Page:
Trump and Clinton Both Have Wine. We Drank Them.

Trump Winery


Blanc de Blanc 2009,


Trump does not drink. Drinking is for losers—also Trump's big brother drank himself to death, inflicting serious psychological damage on little Donny, who seeks to pay it forward. But Trump has a winery in Virginia, near Monticello where presidents are made. Trump does not want to give people Champagne from the French, when Trump can make French-style sparkling himself. This Champagne style, Blanc de Blanc, is the Trumpiest of sparklers, the white Champagne's white Champagne, with a suspiciously loose cork and a funny finish. It's a classy bottle—Trump classy—and if you were going to ask which Champagne cost a lot of money, you'd look right at Trump's bottle and you'd say: "That's a classy bottle. That's an expensive-looking bottle of Methode Champenoise right there. LUXURIOUS!" It's got cursive on the front and estate-grown chardonnay grapes. But more than the "bright green apple, lemon notes, pear and brioche" the bottle advertised, we got a hot nose, an acid finish and a quality one online review described as "Botox-y," and another described positively as a "yeast attack." It's like the classiest blue-collar prosecco you could ever find at the grocery store, perfectly quaffable. It goes down easy but tastes like a headache. Also, we were expecting far more gold leaf.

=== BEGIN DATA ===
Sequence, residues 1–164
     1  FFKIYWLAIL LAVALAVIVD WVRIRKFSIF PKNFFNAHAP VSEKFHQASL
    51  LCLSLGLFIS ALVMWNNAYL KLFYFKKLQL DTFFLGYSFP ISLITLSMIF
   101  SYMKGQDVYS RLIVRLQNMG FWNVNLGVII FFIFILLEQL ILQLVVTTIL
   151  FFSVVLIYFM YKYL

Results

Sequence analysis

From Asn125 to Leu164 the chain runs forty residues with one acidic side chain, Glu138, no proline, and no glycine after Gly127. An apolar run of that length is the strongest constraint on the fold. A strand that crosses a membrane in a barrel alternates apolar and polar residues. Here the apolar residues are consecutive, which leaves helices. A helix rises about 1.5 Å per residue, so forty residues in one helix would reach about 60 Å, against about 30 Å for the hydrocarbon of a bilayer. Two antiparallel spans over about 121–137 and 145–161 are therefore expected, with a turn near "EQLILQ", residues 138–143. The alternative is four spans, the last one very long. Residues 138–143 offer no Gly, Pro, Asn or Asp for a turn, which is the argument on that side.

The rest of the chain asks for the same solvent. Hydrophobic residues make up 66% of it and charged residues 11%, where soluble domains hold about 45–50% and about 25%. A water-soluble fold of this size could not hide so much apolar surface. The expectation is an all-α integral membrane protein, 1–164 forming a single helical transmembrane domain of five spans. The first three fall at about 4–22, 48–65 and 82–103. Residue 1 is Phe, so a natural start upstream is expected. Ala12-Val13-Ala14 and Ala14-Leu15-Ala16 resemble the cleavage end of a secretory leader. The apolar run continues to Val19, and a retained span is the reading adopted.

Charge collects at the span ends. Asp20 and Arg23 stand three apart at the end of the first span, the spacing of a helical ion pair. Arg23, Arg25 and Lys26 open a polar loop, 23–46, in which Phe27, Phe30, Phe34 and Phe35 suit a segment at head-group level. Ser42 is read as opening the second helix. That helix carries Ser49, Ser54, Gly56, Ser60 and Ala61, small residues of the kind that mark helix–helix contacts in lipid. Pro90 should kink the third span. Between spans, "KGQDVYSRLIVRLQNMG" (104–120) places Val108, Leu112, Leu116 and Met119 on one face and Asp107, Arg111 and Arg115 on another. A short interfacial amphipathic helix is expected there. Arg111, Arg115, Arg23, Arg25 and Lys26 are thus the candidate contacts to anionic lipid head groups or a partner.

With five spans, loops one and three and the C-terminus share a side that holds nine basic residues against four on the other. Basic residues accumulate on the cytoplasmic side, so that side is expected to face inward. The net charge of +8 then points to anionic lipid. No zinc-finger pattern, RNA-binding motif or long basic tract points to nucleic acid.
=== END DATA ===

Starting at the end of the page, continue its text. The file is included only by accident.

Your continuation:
Clinton Vineyards


Clinton Vineyards Victory White, $18.50, and Clinton Vineyards Seyval Naturel, $30

Clinton Vineyards' wine—which comes from the Hudson River region of New York, the Clintons' adopted home state—is in no way related to Hillary or Bill. Hillary remains unaccountable for it, and would, we imagine, not take credit. The Victory White is the vinological equivalent of a super PAC, made on the Clintons' behalf every year there's a Clinton vying for the White House. The Victory White has a known quality of Rust Belt wines that can be described, euphemistically, as "foxy." This is also a word sometimes used to describe Bill Clinton, but here it refers to a flavor—present in both Clinton wines—that one of our tasters described as "kind of like someone peed on a skunk." Hoo, boy. The Seyval grape used in both of these wines is a hybrid of French wine grapes and the hardy American grape stock that can handle the harsh froideur of upstate New York. It is a survivor's grape—not as palatable in many ways, but able to endure countless indignities. The wine, in short, tastes awful, with a faint tinge of corruption—but let us reiterate that the Clintons have complete deniability here.

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